You might assume that you can write something and then recycle it as you please. After all, these are your words and ideas, right? However, there are ethical questions to consider when it comes to repurposing your own work. Do you know about the laws involved in reusing texts? Guest contributor Nancy Lin walks you through the minefield of “self-plagiarism”–including the consequences, and the cases where it’s perfectly fine.
Avoid Self-Plagiarism in Your Articles
Have you come across the notion of “self-plagiarism”? You might wonder how you can possibly plagiarize your own writings. You might even ask why it’s important to acknowledge your prior works.
However, most submission policies stress the importance of submitting original content. If you want your writings to be in demand, every work you submit should be original.
Even if you happen to duplicate your own thoughts by mistake, you’ll have a hard time proving it was an accident. Take some precautions not to put your reputation at risk. Cite your previous works or check them for similarities with the help of automatic checkers.
Now, let’s dig deeper and find out how to avoid it…
What’s the big deal about copying your own writing?
Ask any professor whether a student is allowed to re-use an already-written paper to fulfill another course’s requirements and the answer will be “No” in most of cases. This is especially true if it is a degree-fulfillment paper. Research writers typically have a publication ethics code to follow. But do other writers have the same strict rules or are there exceptions?
As long as writers are publishing their own works on their own blog, they are the copyright owners. It’s up to them to decide whether recycling previous articles will be acceptable or not. In this situation, it’s a question of ethics: To cheat or to not cheat your readers who usually expect fresh material.
However, the moment the writer signs over a copyright to a publisher or decides to mass-publish writings to gain fame or make a big profit, text recycling is judged differently, and more seriously, to be exact.
Let’s consider the example of Zygmunt Bauman, a widely recognized sociologist. According to Times Higher Education, Bauman “recycled 90,000 words of material across a dozen books.”
Another example comes from Hillary Clinton’s memoir, Hard Choices. According to the Washington Free Beacon, the book includes numerous instances where she recycled her own work:
Large portions of Hillary Clinton’s $14-million memoir Hard Choices are copied from more than a dozen public speeches, congressional testimony she made while serving as secretary of state, and her previous book Living History, a Washington Free Beacon analysis found.
When Can Text Recycling be Justified?
You can hardly call a series of Sherlock Holmes stories self-plagiarism, right? Each story has the same characters and similar narration, but different plots. There are a few more cases where repeated usage of your texts is allowed. Below is a short list of them:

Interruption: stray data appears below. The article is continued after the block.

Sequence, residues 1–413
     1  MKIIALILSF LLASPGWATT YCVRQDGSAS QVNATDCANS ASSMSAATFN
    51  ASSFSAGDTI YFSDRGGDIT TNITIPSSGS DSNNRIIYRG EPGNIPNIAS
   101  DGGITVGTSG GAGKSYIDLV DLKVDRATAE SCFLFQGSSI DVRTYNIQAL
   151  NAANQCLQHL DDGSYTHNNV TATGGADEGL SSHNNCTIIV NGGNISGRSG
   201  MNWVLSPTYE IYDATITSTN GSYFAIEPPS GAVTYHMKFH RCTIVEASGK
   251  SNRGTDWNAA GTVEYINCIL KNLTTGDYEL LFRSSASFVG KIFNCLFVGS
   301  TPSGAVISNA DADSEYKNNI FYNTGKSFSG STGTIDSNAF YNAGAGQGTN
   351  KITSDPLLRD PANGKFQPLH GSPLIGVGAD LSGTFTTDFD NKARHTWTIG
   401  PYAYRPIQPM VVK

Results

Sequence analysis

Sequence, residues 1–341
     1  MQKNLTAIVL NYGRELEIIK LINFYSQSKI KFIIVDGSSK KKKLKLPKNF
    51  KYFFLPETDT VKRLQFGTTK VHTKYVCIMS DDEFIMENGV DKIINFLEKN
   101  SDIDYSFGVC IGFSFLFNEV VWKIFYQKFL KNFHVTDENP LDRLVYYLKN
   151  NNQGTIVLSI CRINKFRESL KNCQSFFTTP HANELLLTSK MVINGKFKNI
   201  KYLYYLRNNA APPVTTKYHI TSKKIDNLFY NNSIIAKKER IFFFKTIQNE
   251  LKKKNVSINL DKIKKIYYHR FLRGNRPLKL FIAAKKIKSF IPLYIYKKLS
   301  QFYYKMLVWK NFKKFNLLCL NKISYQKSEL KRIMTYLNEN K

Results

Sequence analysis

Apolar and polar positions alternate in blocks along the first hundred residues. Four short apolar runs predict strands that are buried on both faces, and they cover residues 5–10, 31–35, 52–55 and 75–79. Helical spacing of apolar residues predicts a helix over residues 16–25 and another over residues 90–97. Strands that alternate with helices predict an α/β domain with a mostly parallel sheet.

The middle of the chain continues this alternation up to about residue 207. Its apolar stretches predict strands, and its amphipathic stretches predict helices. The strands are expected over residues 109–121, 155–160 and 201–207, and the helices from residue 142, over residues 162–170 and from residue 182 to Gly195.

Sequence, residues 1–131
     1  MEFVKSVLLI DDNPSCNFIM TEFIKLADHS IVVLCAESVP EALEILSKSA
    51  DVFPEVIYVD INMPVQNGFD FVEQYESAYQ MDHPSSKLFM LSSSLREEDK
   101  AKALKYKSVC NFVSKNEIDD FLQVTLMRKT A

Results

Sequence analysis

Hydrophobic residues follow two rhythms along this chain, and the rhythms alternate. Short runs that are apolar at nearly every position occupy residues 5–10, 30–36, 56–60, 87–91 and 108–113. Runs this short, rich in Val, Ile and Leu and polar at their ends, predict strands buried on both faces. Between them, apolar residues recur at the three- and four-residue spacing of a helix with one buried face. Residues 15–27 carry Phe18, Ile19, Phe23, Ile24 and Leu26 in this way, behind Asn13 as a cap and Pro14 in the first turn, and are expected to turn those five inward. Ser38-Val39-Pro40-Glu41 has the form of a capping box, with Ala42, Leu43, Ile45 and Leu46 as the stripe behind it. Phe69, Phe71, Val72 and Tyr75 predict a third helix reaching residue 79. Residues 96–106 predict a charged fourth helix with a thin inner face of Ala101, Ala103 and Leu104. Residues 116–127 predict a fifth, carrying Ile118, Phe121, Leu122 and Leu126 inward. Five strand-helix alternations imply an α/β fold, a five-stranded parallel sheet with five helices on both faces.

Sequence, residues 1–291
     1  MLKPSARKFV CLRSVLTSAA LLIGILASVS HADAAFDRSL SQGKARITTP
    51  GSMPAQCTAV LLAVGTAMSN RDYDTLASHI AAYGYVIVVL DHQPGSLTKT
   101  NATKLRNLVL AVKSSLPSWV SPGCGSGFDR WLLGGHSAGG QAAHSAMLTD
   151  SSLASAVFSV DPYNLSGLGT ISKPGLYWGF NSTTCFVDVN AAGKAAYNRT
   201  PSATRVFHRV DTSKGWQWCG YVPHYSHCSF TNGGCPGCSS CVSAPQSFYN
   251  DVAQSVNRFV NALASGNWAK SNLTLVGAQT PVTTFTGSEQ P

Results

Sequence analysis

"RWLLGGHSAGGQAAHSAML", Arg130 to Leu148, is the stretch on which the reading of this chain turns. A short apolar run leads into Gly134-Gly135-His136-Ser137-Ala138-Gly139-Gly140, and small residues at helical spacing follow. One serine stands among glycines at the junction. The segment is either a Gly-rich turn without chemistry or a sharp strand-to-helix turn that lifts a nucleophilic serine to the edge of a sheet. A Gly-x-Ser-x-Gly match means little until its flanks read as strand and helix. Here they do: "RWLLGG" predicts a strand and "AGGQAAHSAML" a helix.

- Adjusting the text to a completely different readership, so that they can better understand the key points of this or that story;
- Commenting on the previously written work in order to restate/reinterpret/agree/disagree with the statements made earlier;
- Providing deeper insight into the written story to analyze some plot details, etc.;
- Re-using already published works as a kind of example in your public speeches or presentations;
- Translating the original text.
Still, if you no longer own a copyright to the work you want to re-use, you’d better obtain the copyright holder’s official permission or get the editor’s approval. And yes, you should give credit to your previous works regardless of who is the current copyright holder.
How to Avoid the Risk of Self-Duplication?
As an experienced writer, you are sure to have already developed your writing voice and style. Quick double-checking, however, is simply not enough. To avoid the risk of being sued for continuous recycling of your prior works, you’d better take the following precautions:
- When the work is submitted to multiple publishers or sites, keep track of their responses and once one of them agrees to publish your writing, inform all the others about it. To keep a record of this information, you can use Google Forms or Evernote, which can sync to your mobile phone and PC;
- Apply paraphrasing techniques to avoid possible repetitions. To find out what exactly should be changed, take advantage of an automatic plagiarism checker that allows you to store all your published texts inside your personal account and check each newly written text against them;
- Check if you properly referenced your previous work;
- Try out other creative writing techniques;
- Play with different literary devices to make your narration more distinctive;
- Have your colleagues proofread your writings and give feedback on what corrections should be made.
As you can see, there are all sorts of ways to avoid self-plagiarism. It may feel like a lot of extra work, but it’s what you must do if you want to call yourself a real writer.
I would like to hear your thoughts about this article in the comments section! Please don’t hesitate to share it on social media.
A student of Rockhurst University and enthusiastic freelance writer, Nancy Lin is fond of English language and literature. She wants to build a successful writing career, and to become a best-selling author in the near future. Follow her on Twitter @nancylin90.
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